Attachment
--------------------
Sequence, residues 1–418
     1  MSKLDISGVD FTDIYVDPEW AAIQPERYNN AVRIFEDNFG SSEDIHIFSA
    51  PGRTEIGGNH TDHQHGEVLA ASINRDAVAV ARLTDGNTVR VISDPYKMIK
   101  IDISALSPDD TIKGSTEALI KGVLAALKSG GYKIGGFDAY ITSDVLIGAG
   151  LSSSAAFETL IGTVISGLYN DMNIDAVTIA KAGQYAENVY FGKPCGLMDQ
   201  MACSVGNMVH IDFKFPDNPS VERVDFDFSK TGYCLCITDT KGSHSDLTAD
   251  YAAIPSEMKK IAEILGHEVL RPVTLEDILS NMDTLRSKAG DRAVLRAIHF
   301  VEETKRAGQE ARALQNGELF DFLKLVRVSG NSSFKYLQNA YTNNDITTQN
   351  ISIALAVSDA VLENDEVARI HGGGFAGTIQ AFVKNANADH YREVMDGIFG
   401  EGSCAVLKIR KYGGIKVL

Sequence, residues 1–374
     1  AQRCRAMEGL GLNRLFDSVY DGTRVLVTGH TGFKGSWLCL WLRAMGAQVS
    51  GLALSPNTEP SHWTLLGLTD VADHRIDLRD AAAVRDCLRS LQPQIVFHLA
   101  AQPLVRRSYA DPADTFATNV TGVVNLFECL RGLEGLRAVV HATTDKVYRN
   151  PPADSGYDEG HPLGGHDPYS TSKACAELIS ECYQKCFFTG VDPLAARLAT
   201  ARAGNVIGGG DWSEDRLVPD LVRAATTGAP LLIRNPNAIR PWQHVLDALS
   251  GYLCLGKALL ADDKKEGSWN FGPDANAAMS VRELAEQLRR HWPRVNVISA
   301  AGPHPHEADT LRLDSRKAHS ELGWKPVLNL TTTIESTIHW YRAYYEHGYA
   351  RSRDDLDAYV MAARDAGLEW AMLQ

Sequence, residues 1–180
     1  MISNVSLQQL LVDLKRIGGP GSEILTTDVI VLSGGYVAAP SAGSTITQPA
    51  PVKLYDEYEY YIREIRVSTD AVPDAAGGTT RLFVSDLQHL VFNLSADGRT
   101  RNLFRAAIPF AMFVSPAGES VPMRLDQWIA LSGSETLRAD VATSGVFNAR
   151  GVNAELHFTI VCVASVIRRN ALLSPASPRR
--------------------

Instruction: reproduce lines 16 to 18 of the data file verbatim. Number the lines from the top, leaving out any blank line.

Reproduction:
   201  ARAGNVIGGG DWSEDRLVPD LVRAATTGAP LLIRNPNAIR PWQHVLDALS
   251  GYLCLGKALL ADDKKEGSWN FGPDANAAMS VRELAEQLRR HWPRVNVISA
   301  AGPHPHEADT LRLDSRKAHS ELGWKPVLNL TTTIESTIHW YRAYYEHGYA